We are delighted to announce that Dr Mandy Sadan, Associate Professor in GSD, has recently been awarded a highly prestigious Major Research Fellowship from the Leverhulme Trust for her project ‘Flavour in the Making of Modern Britain’. The project will begin in September 2022 and will run for three years.
Every year, the Leverhulme Trust awards around 30 Major Research Fellowships, which are intended for “well-established, distinguished researchers in the humanities and social sciences to complete a piece of original research”. A full list of award holders can be found here.
Mandy said of the award, “I am delighted to be given this opportunity by the Leverhulme Trust. When I joined Warwick in August 2020, I hoped that it would open new directions for my teaching and my research. This project is a testament to the richness of the interdisciplinary GSD environment and how it has allowed me to grow intellectually.
"The idea for this project originated in conversations with students when I was teaching GSD’s undergraduate module on Security, Sovereignty, and Sustainability in the Global Food System. We discussed many issues relating to culture, psychology, physiology, and history, as we tried to understand how food systems are or can be sustainable.
"We often talk about research-led teaching, but we don't talk enough about the importance of teaching-led research. Interesting courses enable you, as a teacher or educator, to think in new ways, just as you hope your students will, too. Teaching can lead to the development of innovative research projects, and we shouldn’t lose sight of that important link between teaching and research, which is sometimes missed!”
Mandy will write more fully about her project in the Leverhulme Trust Newsletter in early 2021 but she said, “I have worked for many years on issues of ethnic conflict in Myanmar, and on histories of ethnicity and nationalism in Southeast Asia more broadly, including looking at the impact of the global spice trade on regional and global histories. My interests have always been focused upon trying to understand the deeper cultural, psychological, emotional and affective, components of ‘encounters’, of boundary making and boundary-crossing, and what all these things mean in the development of multi- and trans-cultures.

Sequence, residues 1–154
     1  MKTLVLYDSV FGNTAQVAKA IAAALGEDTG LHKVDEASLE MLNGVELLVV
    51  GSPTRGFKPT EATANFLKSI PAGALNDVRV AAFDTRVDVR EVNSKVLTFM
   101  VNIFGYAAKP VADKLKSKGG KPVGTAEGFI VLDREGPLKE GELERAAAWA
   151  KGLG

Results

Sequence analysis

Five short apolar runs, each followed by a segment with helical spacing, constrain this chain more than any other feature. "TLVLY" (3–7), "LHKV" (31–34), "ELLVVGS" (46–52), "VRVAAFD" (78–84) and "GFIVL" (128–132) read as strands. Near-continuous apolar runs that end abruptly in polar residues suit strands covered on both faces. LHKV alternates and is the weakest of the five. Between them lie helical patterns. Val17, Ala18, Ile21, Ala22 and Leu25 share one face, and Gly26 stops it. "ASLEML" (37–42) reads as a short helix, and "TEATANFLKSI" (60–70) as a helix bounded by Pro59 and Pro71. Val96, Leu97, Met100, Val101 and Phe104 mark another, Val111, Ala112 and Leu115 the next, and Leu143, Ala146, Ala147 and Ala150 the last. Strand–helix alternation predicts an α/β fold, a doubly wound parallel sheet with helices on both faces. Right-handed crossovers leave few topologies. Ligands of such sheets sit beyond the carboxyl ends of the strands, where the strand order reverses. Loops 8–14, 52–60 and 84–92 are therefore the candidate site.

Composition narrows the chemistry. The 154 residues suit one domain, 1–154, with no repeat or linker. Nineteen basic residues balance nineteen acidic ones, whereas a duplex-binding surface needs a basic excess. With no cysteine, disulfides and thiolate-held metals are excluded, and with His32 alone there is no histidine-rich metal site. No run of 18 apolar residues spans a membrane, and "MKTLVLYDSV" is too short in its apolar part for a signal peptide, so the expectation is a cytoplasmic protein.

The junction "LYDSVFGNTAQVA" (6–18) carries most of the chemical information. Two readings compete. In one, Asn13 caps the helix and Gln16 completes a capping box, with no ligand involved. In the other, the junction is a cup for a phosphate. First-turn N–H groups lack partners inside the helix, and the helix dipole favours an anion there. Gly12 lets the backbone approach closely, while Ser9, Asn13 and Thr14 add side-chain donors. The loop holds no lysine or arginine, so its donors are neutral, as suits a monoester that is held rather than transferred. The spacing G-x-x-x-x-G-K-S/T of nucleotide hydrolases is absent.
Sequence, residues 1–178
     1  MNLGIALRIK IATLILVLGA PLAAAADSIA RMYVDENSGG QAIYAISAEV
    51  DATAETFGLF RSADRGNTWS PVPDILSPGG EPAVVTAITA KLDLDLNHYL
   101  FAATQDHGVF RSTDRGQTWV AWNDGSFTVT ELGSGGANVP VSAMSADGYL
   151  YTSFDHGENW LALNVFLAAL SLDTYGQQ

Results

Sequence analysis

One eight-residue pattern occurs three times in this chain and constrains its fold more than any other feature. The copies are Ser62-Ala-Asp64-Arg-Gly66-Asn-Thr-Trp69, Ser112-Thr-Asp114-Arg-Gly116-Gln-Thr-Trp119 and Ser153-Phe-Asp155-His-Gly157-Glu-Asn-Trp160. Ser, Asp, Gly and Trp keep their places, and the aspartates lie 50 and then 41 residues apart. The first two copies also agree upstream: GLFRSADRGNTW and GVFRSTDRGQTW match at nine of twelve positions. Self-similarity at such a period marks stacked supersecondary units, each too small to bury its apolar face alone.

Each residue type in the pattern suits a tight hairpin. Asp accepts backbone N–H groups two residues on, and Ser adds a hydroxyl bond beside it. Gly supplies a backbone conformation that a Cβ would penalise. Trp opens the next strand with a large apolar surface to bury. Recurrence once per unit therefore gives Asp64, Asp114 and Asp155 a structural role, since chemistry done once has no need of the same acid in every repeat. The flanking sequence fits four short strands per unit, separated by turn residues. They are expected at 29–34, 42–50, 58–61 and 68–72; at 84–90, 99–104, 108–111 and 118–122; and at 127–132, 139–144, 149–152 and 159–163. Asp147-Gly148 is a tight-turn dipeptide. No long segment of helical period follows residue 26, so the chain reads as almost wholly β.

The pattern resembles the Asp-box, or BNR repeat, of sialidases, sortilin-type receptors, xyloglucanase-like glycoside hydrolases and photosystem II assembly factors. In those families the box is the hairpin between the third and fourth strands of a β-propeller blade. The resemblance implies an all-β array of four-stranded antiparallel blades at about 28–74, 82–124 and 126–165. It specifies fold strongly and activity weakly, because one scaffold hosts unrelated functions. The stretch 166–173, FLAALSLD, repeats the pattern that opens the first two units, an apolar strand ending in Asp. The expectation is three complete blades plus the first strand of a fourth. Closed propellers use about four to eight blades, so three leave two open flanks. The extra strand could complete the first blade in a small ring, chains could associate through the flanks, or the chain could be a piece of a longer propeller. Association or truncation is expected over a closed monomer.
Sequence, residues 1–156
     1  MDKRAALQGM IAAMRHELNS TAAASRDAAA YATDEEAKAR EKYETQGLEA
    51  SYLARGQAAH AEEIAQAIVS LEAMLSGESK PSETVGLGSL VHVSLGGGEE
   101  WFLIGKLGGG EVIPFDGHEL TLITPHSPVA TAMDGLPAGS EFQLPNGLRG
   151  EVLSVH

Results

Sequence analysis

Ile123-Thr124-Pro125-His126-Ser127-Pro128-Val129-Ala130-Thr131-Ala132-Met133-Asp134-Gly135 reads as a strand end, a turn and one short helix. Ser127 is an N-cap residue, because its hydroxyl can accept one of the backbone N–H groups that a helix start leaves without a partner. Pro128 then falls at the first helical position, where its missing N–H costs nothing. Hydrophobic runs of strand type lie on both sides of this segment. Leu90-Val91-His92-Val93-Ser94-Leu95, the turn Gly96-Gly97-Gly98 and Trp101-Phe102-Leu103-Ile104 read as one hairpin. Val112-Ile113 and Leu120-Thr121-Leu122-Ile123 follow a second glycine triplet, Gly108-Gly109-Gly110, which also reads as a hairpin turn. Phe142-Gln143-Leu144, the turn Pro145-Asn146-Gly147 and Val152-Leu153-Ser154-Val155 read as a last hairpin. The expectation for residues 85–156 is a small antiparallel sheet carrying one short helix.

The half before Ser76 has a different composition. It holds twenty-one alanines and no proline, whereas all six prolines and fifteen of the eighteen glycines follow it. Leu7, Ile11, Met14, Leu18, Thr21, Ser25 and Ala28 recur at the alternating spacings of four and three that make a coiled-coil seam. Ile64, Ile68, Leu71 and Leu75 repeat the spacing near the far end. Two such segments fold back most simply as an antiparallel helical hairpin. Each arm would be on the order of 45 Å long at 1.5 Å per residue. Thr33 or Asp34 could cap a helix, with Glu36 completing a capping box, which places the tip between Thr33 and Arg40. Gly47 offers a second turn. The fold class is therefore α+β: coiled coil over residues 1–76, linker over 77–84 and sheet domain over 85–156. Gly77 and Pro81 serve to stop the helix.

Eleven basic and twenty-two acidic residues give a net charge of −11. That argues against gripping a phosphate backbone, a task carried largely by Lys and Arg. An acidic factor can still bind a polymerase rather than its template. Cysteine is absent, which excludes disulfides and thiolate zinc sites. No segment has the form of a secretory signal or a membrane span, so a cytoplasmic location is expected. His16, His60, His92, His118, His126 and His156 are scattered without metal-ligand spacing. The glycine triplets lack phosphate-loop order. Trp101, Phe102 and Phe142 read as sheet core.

"At first sight, this project looks very different from what I have been doing for many years, but there are lots of connections so I will be able to bring all that experience in research and teaching on issues of nationalism, conflict, and Areas as objects of study into this project.
"There is a much bigger story waiting to be told about population-level changes in flavour preference that I want to explore. The emergence of the new flavour and ingredients houses, technological developments, and understanding the chemistry of flavour are all important factors. Flavour preference is a very complex issue involving neuroscience and nurture, as well as a host of wider environmental factors.
"I hope that at the end of the project, the research will contribute to new ways of thinking about the global shaping and creation of Britain as a corrective to simplistic dialogues about ‘multiculturalism’ and the economic and cultural ‘contribution’ of different communities. Flavour is a really important part of national, regional, and local food systems, but it is under-researched and poorly understood. As recent research has suggested, however, the search for flavoursome food has probably been one of the most important drivers of human social and cultural development!”
Associate Professor in GSD
Email: Mandy dot Sadan at warwick dot ac dot uk